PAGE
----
“12 – Under-filling the textures with grey. Since the two sets of textures are on separate layers, I can make selections out of the textures using Photoshop’s Select: Load Selection with Channel: Layer Transparency picked. This might sound complicated, but put simply, Layer Transparency grabs all the stuff on a given layer and selects it. No matter how complex of faffy the outline – bang! Instant selection. The only drawback is there’s no fine control; you get everything on a given layer, which is why I made sure the 100% and 50% textures were on their own layers earlier.“
“So I use this method to make selections out of each of the layers in turn, then on layers underneath, fill those selections with grey (mid grey for the 100% textures, pale grey for the 50%). I paint into the selections a bit too, to break up the uniformity a bit. The texture layers are transparent (Layer mode = Multiply) so the greys show through.“
“Straight away the drawing becomes much clearer.“
12 – Ah… a version for the rest of us!
“13 – Blacks. Same trick with something extra added; I want to paint over the 100% textures (and only the 100% textures) with scrubby, painted-looking black that will help to define certain bits of the image, but still leave some of the texture showing through. So, first, Select: Load Selection with Channel: Layer Transparency selected gives me a selection of the 100% textures. Go up to a new layer, fill with white (“What?!?”). Set the layer mode of this new layer to Multiply, then check the “Preserve Transparency” checkbox.“
“Why? Setting the layer to Multiply makes the white fill transparent (so invisible), and Preserve Transparency locks the layer so you can only paint on those invisible pixels. I know where the shading’s going to go (because it corresponds exactly to the textures that are visible underneath), so I can bash away with a big Brush loaded with black and it won’t go anywhere except over the textures. I scrub in the black, selectively darkening areas (I can even use selections based on the colour blocks on the bottom layer to control where the black goes precisely).“
“Now you can properly see what you’re looking at – Stickleback stands out from the tank nicely. Everything after this is refinement.“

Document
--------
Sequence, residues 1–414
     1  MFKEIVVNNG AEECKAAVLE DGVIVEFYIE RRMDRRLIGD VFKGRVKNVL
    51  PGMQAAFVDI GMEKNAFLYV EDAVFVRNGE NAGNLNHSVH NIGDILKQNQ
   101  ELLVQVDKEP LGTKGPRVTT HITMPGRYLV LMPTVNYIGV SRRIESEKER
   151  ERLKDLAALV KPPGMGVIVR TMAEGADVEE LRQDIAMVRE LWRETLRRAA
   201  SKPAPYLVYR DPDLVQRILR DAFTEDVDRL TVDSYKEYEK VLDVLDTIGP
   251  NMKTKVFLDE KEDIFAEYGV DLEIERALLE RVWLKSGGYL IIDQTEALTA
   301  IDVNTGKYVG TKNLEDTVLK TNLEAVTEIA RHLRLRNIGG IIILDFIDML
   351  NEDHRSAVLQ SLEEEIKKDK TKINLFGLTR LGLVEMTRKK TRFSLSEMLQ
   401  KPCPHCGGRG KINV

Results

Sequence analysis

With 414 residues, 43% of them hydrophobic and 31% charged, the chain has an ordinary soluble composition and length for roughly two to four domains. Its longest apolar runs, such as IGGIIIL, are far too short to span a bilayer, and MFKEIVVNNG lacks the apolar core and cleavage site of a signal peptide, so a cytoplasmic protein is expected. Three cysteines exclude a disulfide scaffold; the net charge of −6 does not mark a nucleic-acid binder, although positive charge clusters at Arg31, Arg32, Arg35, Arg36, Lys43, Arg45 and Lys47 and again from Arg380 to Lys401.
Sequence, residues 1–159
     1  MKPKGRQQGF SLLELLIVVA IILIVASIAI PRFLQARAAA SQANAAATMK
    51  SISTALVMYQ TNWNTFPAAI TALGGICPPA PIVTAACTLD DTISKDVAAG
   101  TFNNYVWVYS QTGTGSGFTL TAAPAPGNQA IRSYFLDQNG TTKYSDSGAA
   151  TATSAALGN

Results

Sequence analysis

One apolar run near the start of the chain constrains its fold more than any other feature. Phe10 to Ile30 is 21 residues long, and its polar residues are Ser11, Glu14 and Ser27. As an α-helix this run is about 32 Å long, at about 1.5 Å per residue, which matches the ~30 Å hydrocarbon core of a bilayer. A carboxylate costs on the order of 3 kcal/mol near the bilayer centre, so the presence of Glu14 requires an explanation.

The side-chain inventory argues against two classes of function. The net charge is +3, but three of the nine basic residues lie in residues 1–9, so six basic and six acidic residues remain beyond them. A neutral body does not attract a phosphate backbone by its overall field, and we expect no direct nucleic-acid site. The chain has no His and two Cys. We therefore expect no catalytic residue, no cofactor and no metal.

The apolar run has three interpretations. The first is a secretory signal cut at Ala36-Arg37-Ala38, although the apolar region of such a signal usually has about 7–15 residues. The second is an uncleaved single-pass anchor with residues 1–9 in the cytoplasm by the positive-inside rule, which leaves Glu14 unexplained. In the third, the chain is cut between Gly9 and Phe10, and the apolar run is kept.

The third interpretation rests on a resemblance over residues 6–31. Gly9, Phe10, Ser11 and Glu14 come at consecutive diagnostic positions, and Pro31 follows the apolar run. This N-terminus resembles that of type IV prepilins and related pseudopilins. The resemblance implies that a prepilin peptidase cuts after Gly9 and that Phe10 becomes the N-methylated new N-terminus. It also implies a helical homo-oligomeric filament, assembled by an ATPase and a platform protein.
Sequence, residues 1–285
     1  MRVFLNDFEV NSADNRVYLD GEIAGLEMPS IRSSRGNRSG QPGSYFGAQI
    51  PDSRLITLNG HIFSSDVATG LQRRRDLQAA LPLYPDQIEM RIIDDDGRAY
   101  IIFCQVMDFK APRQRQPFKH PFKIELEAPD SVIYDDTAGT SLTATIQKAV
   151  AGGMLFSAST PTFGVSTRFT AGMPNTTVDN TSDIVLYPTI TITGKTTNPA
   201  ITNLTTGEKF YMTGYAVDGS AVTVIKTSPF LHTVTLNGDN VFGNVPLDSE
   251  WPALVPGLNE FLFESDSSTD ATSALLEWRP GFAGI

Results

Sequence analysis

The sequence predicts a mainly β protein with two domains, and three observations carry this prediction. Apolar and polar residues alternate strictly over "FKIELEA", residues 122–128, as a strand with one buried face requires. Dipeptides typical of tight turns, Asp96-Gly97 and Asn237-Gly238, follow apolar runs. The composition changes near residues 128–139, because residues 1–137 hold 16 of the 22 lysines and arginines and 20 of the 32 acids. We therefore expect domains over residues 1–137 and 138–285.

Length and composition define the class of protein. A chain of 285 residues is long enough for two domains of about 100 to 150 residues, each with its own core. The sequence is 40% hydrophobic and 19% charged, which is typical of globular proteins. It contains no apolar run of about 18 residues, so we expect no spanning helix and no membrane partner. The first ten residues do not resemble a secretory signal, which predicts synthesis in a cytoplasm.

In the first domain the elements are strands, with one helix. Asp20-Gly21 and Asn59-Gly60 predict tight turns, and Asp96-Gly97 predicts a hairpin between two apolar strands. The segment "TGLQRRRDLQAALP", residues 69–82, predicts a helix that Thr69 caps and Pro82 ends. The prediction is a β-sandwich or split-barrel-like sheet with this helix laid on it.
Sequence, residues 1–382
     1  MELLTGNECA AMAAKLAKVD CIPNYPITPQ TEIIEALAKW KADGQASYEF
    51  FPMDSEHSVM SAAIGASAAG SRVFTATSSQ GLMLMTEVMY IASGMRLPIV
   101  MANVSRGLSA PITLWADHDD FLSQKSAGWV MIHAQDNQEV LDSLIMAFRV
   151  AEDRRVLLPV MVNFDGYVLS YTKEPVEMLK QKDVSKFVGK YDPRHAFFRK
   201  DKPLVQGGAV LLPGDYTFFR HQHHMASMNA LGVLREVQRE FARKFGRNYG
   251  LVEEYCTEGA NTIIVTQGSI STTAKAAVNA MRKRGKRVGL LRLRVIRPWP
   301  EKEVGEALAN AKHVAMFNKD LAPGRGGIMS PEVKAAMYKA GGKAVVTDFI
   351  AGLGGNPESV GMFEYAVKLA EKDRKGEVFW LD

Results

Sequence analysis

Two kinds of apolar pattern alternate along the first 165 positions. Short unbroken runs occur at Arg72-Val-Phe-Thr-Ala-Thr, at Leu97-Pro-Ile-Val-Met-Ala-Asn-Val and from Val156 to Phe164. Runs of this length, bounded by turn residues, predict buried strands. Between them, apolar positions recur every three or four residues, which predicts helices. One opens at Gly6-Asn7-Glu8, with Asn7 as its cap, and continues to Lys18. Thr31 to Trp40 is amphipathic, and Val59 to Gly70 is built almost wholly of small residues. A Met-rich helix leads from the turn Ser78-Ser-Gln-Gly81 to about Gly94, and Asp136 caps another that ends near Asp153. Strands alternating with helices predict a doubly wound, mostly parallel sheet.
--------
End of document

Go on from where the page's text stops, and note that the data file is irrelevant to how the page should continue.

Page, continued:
13 – The criminal mastermind gets even darker!
In Corel Painter (11)
“Painter is a graphics program similar to Photoshop, but specializing in simulating the texture and brushstrokes of real media like watercolour, charcoal, crayons and so on. Painter will open Photoshop files, so there’s no need for any sort of export process. It can produce some spectacular effects, but the extra processing power needed for those “real” brushes means it runs s-l-o-o-o-w-w-l-l-y-y on the sort of high-resolution print files I work with. Thus I use it for adding an layer of finish to stuff I do in Photoshop, and I try and keep my use of Painter to a minimum.
14 – I use the Watercolour Brushes in Painter to soften up some of those hard edges on the texture blocks, and add just a little detail to the areas of plain white. Again, I use selections based on the colour blocks on the bottom layer to constrain the painting and speed the process up (I started out as an airbrush artist and old masking habits die hard).
The effect on this cover is quite subtle, so here’s a “before-and-after” close-up showing the painting on the face.“
14 – It’s all in the detail…
“15 – Full view of the cover with painting added.“
15 – Old Stickleback is such a loveable looking fella isn’t he?
Back in Adobe Photoshop
“16 – On a new layer (set to Multiply) I’ve darkened down the cylinder (a little) and the background machines (more) to pull the figure of Stickleback forward.“
16 – Making the background almost as dark as the character himself…
“17 – Fine detail added; reflections on the tank door; ripples in the liquid at Stickleback’s feet; water drips.“
17 – Nice of D’Israeli to give the door a polish before he finishes.
“18 – Finally; vapour coming off Stickleback to pull him forward even more. Painted in using my own variant of the Photoshop “leaves” brush – I use this all the time for everything from steam to fire to grot on walls and floors. It’s a great way of painting in shading without getting that over-smooth “digital” look.“
18 – The final image, creeeeepy!
And here’s how the cover looked on your newsagent’s shelf:
Wow, what an absolutely astounding commentary by the three times winner of the Cover of the Year vote. A HUGE thanks to Mr Brooker for once again putting an insane amount of work into a post for this humble blog. That fantastic video is the icing on the cake and the good news is he’s promised more! He has another two covers to come in this series of Stickleback and you’ll be able to read all about them right here!
PLEASE do yourself a favour and check out D’Israeli’s Blog, it really is a marvellous, exceptionally informative read.